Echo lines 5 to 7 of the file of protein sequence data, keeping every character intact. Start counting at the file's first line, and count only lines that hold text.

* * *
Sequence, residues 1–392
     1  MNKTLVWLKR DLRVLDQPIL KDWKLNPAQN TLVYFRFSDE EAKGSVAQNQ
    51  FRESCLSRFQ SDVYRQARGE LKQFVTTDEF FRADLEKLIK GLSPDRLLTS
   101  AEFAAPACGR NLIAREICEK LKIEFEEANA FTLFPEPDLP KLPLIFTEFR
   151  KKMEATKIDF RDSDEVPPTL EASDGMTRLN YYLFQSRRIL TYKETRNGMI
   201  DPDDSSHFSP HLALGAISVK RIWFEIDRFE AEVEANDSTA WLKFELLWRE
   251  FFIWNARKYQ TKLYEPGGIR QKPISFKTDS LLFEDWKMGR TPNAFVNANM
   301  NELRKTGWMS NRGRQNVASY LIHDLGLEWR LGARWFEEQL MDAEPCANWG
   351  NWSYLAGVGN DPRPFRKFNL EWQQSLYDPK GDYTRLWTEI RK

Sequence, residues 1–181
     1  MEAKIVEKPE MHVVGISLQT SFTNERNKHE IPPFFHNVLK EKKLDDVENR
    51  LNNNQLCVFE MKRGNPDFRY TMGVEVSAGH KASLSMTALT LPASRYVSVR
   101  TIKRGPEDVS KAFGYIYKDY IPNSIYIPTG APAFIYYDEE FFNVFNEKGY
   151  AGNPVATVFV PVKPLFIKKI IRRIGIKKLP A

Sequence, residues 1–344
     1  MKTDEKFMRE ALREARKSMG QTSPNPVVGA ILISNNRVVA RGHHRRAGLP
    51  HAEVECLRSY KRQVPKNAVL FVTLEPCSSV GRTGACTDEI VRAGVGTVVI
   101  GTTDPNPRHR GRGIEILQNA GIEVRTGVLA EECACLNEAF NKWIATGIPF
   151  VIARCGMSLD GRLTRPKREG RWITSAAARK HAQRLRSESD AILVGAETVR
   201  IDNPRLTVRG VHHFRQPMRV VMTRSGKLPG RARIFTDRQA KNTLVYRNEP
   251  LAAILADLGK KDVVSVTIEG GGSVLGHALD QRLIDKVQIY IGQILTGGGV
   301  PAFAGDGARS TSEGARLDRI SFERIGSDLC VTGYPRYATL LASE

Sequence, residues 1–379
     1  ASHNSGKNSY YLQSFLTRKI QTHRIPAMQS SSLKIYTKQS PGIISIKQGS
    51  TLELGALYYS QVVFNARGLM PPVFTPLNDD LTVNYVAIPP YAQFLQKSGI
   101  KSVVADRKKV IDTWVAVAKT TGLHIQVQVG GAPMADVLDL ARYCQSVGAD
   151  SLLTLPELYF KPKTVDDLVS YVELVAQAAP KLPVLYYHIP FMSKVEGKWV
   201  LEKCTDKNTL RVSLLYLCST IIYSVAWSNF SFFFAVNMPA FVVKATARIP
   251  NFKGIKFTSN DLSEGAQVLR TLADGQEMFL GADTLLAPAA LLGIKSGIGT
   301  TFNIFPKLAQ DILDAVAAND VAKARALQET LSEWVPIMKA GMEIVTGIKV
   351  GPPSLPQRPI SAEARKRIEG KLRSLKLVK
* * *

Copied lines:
   151  KKMEATKIDF RDSDEVPPTL EASDGMTRLN YYLFQSRRIL TYKETRNGMI
   201  DPDDSSHFSP HLALGAISVK RIWFEIDRFE AEVEANDSTA WLKFELLWRE
   251  FFIWNARKYQ TKLYEPGGIR QKPISFKTDS LLFEDWKMGR TPNAFVNANM